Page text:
A recent article in the Harvard Business Review by Joseph Pistrui discusses how the trend of technological automation has many fearing for their jobs, but that creative, strategic or analytical thinkers need not worry:
“On the other hand, work that requires a high degree of imagination, creative analysis, and strategic thinking is harder to automate. As McKinsey put it in a recent report: “The hardest activities to automate with currently available technologies are those that involve managing and developing people (9 percent automation potential) or that apply expertise to decision making, planning, or creative work (18 percent).” Computers are great at optimizing, but not so great at goal-setting. Or even using common sense.”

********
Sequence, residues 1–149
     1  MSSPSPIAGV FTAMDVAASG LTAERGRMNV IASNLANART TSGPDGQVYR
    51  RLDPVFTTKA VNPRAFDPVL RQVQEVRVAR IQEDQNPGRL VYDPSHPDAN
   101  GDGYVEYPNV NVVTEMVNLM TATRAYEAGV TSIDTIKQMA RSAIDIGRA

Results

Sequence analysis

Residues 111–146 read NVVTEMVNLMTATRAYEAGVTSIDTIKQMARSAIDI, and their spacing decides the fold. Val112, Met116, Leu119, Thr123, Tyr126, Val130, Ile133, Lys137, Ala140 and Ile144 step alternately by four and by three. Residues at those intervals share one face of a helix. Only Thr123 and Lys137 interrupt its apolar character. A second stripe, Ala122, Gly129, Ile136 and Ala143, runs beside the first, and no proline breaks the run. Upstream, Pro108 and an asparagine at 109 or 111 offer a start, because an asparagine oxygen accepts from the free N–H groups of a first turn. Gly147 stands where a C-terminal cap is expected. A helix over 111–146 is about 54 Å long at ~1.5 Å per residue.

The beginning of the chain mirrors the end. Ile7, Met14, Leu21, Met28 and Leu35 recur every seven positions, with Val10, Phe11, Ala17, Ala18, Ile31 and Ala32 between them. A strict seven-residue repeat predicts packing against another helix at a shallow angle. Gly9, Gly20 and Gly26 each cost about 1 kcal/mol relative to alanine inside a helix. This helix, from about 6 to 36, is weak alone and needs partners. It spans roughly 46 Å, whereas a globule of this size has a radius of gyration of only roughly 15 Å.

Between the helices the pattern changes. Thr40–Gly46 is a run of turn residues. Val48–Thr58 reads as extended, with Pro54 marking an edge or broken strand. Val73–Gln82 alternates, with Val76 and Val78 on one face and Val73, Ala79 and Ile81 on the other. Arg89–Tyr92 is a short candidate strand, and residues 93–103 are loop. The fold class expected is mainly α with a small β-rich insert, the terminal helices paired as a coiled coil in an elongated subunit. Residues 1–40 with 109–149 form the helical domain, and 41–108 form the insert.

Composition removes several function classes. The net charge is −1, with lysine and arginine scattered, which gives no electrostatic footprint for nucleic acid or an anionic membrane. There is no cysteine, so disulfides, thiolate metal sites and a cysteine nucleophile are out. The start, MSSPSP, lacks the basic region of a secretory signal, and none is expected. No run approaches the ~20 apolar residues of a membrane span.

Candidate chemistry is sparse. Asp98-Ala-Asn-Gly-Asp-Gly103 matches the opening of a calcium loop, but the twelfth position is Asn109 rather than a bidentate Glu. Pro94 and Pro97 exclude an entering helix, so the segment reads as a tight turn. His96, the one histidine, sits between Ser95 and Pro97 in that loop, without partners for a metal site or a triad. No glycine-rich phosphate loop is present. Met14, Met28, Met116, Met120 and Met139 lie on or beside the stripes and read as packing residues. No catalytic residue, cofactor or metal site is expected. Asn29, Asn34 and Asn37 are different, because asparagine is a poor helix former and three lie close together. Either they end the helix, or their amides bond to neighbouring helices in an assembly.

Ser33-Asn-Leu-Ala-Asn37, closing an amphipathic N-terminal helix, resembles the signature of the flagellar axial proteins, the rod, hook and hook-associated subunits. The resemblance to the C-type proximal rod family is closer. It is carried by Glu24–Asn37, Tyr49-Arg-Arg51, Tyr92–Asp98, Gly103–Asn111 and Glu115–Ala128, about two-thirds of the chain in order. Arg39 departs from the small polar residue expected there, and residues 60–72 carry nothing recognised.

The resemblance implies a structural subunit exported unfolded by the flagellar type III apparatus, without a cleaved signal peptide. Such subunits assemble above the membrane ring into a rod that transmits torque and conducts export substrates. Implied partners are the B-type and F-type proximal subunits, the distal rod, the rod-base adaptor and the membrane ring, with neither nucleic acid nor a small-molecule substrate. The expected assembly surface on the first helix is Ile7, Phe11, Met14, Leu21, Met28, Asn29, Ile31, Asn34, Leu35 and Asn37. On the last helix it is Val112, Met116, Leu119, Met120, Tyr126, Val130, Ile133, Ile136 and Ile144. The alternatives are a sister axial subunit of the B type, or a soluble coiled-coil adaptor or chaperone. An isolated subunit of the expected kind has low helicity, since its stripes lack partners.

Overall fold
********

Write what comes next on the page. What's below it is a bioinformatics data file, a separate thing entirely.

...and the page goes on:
In fact, as new technology automates that tactical, administrative tasks, creative, imaginative, and strategic workers will have more time to focus on the high-value parts of their work that machines can never replicate.
“For example, a study in Australia found a silver lining in the automation of bank tellers’ work: “While ATMs took over a lot of the tasks these tellers were doing, it gave existing workers the opportunity to upskill and sell a wider ranges of financial services.””
You can read the entire article at the Harvard Business Review.